the Beacon Journal editorial board

Superintendents, principals, teachers, parents and students knew the day was coming. Ohio shifted to new and more demanding Common Core education standards, all but guaranteeing lower marks on the annual state report cards for school districts.

On Thursday, the state Department of Education released the report cards for the school year ending last spring, and rather than 37 districts receiving A grades, the number tumbled to six. The largest share of districts received C grades. The previous year, it was those with Bs.

This is the broader trend to keep in mind, and the leading value that remains in this batch of report cards. The state must do a better job of educating its children — if they are going to compete and succeed in their adult lives.

This hardly is the first indication of such a need. If Ohio has deemed roughly 80 percent of its students “proficient” in the past, the new results put the share closer to 60 percent. Then, weigh the outcome of the National Assessment of Educational Performance, the highly regarded national measure of academic achievement. Its data show 40 percent or so of Ohio students performing at the level for college and career success.

The NAEP scores long have been sobering. For too long, state lawmakers and others have looked the other way. These latest report cards reflect, at last, movement toward a more honest evaluation of where the state stands and, logically, what must be done.

All of this isn’t to overlook the many problems with the report cards. The concerns start with the shifting test providers, the state abandoning one for another, thus making difficult year-to-year comparisons. Next is the long delay, due to problems with conducting and scoring the tests. The results ordinarily would have been released in August or September. Five months later, their value is limited. If virtually all students participated, enough opted-out to skew results in some districts.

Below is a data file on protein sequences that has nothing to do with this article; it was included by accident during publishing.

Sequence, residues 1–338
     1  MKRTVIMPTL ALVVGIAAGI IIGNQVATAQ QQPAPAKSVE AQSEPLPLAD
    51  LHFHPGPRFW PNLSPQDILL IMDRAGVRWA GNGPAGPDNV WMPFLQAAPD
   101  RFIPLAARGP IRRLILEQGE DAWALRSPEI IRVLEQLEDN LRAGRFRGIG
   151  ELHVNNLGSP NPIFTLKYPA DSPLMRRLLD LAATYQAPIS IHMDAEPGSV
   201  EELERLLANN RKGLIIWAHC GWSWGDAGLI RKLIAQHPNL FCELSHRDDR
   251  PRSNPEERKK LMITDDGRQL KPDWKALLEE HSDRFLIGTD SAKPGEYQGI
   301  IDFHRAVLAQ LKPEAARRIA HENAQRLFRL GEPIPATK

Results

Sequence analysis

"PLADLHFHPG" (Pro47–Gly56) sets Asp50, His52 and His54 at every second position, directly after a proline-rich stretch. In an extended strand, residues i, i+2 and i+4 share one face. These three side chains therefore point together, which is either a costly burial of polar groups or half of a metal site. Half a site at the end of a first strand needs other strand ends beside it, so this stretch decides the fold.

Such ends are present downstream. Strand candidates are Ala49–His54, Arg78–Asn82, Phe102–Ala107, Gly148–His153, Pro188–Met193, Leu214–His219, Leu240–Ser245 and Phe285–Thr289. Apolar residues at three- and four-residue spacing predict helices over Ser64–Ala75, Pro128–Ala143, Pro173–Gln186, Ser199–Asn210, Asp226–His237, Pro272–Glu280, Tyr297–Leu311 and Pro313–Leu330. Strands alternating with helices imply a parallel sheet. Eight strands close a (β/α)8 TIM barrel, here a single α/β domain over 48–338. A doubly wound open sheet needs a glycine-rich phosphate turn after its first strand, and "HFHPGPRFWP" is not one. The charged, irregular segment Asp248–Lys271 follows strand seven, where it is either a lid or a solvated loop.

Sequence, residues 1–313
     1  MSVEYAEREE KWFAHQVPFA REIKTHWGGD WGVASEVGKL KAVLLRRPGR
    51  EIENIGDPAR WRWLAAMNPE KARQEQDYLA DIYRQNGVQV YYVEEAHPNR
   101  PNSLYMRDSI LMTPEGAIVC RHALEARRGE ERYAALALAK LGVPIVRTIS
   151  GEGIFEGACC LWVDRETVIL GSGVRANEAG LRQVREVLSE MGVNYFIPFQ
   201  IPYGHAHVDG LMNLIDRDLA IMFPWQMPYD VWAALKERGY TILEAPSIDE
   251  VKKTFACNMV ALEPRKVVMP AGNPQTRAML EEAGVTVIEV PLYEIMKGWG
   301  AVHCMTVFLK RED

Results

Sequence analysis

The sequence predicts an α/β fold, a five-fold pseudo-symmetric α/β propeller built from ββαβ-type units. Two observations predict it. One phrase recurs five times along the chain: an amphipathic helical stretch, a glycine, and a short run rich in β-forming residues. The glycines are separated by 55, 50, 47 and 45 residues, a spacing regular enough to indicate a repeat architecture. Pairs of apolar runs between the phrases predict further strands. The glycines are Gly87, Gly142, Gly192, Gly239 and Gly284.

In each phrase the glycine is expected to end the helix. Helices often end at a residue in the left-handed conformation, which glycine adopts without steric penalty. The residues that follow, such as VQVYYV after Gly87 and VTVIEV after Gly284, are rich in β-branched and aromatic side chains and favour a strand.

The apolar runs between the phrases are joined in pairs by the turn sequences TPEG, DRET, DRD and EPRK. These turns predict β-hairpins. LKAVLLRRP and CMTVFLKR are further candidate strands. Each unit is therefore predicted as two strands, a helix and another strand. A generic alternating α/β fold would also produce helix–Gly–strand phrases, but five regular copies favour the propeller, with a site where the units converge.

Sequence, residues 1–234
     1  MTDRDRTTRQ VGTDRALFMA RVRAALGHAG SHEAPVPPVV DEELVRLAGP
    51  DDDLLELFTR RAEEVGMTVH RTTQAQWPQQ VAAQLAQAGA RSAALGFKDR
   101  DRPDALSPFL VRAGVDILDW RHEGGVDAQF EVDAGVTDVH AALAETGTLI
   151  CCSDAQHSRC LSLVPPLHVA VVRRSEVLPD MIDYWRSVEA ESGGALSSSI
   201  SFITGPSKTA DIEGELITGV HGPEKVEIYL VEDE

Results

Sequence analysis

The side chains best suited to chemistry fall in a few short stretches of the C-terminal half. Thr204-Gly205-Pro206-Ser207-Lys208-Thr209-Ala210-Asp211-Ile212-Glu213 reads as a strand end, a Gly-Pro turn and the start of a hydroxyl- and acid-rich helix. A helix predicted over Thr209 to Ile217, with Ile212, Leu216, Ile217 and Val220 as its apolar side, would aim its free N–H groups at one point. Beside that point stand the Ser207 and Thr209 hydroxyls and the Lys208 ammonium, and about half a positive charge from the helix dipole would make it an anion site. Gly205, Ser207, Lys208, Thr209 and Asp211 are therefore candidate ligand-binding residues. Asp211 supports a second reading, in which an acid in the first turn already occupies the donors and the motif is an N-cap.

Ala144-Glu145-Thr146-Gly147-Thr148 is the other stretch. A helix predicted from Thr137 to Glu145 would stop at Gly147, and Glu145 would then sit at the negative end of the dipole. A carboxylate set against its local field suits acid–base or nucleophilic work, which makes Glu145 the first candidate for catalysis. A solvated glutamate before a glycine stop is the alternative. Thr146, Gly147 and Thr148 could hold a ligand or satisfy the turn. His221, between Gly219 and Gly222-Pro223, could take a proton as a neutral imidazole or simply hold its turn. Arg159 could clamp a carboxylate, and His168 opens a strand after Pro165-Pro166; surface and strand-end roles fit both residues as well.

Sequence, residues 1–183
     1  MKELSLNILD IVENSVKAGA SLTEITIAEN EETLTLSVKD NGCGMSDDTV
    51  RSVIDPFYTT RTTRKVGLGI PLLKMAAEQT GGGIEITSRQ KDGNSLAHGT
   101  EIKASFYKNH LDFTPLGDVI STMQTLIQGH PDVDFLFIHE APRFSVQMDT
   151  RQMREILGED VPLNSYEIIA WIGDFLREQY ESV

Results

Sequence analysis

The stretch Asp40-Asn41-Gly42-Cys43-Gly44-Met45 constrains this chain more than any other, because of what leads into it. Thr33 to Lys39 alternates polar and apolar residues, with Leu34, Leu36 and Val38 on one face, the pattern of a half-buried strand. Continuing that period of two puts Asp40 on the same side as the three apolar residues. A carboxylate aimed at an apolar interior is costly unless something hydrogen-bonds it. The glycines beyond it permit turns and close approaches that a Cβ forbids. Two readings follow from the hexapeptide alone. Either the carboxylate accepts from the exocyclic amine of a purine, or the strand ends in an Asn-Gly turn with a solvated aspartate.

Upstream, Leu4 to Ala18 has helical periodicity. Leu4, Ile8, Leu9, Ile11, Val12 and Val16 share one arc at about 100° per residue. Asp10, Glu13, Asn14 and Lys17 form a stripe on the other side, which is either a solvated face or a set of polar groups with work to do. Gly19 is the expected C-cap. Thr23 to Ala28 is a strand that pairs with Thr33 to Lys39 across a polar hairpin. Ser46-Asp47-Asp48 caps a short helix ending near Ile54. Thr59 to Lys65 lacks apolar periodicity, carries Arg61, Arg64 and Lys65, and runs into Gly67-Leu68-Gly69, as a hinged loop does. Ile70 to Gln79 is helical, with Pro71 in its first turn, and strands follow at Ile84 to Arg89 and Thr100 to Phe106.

David James, the Akron superintendent, makes a telling point about the report cards, or evaluating schools by proficiency tests: The complexity easily is missed. Even poor-performing schools have students who succeed.

Once they are executed well, providing steady and reliable data, the tests and district evaluations can be helpful. For instance, the results highlight the burden of poverty and the need to ensure adequate resources for learning in the classroom. The state education department would add value by providing deeper analyses of the what the data mean.

So, yes, the report cards are problematic. Yet the flaws should not distract from the purpose or progress. Ohio must raise the educational bar for its young people, giving them the necessary resources and opportunities to succeed. That includes delivering a test regimen that accounts effectively for how they are performing.